ing the key aspects of production,
designers can expose provenance
to enable reflective inquiry.
A second genre of tools focuses
on attrition and decay. In Zoran
and Buechley’s digital restoration
[ 7], handmade pottery that has
broken is then “restored” using a
3-D printer. The printer accentuates the broken edges by reassembling and transforming the object
remains. Here digital production
incorporates new materials and
techniques while foregrounding the engagements (breakage
and wear) that led to the object’s
current state. The object evolves
through rearranging traces of use
and, in turn, ideas of provenance.
Alongside delineations of use and
skill, a third genre of tools involves
sharing experiences of creation
and ownership. Our Spyn system
[ 8], for example, enables knitters
to digitally annotate stitches while
crafting, associating audio and
visual recordings with locations on
knit fabric. In trial deployments,
knitters connected fabric with
personal reflections at the time
of production. By recalling these
annotations, recipients of the knit
articles became aware of the knitters’ investments of effort and care.
Such tools might enrich production work by capturing provenance
through digital media, connecting
intimate object interactions with
processes of exchange and use.
Each genre of tools traces the
use, technique, and ownership of
artifacts in particular ways. They
suggest paths for valuing processes
of creation and trajectories of use
that enable us to consider which
elements of an artifact should
remain stable over time and which
materials, digital and non-digital,
matter in the ongoing production
of value. They provide a starting
point for considering how we might
design evocative traces of provenance.
Beyond handwork, this work
suggests that designers can benefit from becoming sensitive to
both the practical and affective
dimensions of skill. What makes
an artifact meaningful is bound
up with how its traces are made,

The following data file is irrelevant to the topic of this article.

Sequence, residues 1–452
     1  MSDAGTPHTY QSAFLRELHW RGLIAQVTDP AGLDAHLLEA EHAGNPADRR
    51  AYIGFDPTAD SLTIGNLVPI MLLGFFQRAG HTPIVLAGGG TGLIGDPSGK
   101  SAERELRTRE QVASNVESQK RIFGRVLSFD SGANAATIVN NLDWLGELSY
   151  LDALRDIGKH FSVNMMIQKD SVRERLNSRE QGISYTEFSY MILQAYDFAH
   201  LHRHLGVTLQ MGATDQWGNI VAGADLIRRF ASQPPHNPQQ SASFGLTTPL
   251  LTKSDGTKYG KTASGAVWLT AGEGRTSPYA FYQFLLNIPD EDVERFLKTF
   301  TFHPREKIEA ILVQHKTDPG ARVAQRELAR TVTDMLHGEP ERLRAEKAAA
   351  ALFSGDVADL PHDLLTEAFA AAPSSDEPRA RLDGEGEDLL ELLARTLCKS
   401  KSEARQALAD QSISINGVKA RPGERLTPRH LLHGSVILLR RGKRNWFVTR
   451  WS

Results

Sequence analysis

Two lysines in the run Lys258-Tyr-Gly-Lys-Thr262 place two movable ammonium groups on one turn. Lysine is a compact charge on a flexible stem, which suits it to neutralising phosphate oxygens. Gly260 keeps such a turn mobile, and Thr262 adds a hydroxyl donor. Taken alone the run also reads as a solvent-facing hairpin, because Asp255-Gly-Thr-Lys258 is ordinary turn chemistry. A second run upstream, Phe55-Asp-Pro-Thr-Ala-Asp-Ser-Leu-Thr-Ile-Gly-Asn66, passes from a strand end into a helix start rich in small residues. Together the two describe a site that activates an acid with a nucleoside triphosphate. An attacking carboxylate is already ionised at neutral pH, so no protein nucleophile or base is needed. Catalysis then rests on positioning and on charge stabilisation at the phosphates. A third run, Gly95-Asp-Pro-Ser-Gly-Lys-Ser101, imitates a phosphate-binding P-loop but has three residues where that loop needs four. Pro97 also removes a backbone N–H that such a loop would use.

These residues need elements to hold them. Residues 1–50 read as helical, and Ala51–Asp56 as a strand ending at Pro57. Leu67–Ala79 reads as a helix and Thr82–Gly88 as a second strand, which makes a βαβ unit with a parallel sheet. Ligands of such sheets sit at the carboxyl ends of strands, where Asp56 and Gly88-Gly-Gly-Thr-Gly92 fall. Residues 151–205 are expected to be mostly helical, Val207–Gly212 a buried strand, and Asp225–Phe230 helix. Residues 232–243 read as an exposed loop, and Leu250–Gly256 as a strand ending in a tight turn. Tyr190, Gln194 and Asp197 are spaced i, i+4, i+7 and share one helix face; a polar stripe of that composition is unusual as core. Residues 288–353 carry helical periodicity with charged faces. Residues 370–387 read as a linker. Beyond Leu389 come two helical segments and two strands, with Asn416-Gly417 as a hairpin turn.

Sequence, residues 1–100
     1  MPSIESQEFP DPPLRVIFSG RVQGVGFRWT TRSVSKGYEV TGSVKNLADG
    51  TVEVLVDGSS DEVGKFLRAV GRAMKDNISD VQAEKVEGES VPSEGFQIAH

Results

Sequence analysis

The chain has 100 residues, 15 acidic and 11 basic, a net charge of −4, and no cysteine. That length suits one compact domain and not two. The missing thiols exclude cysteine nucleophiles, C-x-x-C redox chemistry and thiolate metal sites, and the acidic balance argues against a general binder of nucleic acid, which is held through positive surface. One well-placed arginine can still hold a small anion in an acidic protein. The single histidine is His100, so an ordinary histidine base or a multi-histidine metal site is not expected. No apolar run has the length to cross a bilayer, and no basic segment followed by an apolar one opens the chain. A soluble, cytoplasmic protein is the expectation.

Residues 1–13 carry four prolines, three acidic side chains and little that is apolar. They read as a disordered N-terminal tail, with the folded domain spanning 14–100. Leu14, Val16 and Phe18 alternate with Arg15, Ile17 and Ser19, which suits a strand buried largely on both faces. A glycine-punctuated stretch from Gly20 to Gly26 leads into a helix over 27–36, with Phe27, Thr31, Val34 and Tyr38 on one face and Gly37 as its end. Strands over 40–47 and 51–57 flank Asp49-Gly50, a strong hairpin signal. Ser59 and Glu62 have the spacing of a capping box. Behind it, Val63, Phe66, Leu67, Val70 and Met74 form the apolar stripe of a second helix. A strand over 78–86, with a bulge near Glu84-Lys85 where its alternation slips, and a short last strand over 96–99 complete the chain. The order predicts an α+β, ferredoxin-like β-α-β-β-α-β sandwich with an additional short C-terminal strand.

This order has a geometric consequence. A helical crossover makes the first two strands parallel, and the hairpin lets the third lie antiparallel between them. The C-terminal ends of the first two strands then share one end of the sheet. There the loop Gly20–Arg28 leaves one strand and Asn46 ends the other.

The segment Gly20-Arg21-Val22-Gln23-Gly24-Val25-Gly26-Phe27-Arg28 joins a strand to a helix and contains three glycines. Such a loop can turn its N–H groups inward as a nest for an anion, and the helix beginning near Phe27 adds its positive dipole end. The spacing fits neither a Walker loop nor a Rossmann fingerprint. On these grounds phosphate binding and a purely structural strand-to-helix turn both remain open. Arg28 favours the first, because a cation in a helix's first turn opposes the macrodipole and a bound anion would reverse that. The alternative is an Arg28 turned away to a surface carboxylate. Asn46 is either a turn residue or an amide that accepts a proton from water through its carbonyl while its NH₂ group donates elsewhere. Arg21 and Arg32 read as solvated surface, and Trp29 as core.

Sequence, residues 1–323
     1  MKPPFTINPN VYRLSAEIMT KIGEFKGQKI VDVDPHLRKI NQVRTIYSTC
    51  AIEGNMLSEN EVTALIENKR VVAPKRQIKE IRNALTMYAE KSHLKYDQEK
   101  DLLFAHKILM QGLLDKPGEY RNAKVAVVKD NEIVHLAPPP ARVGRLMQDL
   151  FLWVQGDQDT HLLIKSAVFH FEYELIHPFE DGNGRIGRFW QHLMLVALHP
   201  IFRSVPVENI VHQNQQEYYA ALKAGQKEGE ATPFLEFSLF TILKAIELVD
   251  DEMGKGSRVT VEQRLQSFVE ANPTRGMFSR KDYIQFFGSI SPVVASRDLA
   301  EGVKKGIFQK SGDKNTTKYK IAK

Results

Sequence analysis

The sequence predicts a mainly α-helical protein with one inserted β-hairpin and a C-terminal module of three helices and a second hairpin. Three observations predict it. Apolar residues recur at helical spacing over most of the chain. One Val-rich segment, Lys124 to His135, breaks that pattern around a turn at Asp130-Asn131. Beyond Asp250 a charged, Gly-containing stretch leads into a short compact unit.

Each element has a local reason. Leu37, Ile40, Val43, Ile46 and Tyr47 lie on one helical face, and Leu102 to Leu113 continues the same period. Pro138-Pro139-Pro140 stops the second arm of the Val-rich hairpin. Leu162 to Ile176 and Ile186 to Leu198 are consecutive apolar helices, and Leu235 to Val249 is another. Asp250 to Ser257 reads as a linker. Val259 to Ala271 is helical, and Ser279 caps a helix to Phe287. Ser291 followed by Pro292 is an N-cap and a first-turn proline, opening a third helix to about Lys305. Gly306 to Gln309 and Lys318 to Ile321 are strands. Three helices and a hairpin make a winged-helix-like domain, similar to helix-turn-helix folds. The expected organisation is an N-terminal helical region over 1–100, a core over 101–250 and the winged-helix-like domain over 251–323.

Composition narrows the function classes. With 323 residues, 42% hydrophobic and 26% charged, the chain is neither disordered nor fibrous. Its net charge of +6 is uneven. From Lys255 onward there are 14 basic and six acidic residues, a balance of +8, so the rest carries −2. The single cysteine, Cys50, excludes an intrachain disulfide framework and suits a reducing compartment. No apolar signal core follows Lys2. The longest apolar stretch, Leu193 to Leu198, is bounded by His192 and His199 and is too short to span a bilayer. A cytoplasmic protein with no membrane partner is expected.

remade, and interpreted over time.
In illustrating how materials figure
into these handwork processes, I
hope to encourage the design of
technologies that meaningfully
engage the expressivity of material
histories [ 9].
1. Joyce, r. From place to place: provenience,
provenance, and archaeology. Unpublished paper
from the theoretical Archeology Meeting in Los
2. Ingold, t. transformations of the line: traces,
threads and surfaces. Textile: The Journal of Cloth
and Culture 8, 1 (2010), 10–35.
3. Here the term provenance is taken to mean the
itinerary that something follows in order to reach its
current condition, beginning with its creation [ 1].
4. participant names have been changed.
5. For a counter example, see Grossman, t.,
Matejka, J., and Fitzmaurice, G. chronicle: capture,
exploration, and playback of document workflow
histories. Proc. of the 23rd Annual ACM Symposium
on User Interface Software and Technology. AcM,
New York, 2010, 143–152.
6. pierce, J. and paulos, E. Materializing energy.
Proc. of the 8th ACM Conference on Designing
Interactive Systems. AcM, New York, 2010, 113–122.
7. Zoran, A. and buechley, L. Hybrid reAssemblage:
A voyage of loss and acceptance through craft and
digital fabrication. 2011. In press.
8. rosner, D.K., and. ryokai, K. Spyn: Augmenting
the creative and communicative potential of craft.
Proc. of the 28th International Conference on Human
Factors in Computing Systems. AcM, New York,
9. Mccullough, M. Abstracting Craft: The Practiced
Digital Hand. MIt press, cambridge, MA, 1998.
About the Author
Daniela K. rosner is a ph. D. can-didate at Uc berkeley’s School of
Information. Her research focuses
on the interplay between comput-ing, craft, and the creative com-munities that surround them.
September + October 2011
• Mike in his studio.
© 2011 AcM 1072-5220/11/09 $10.00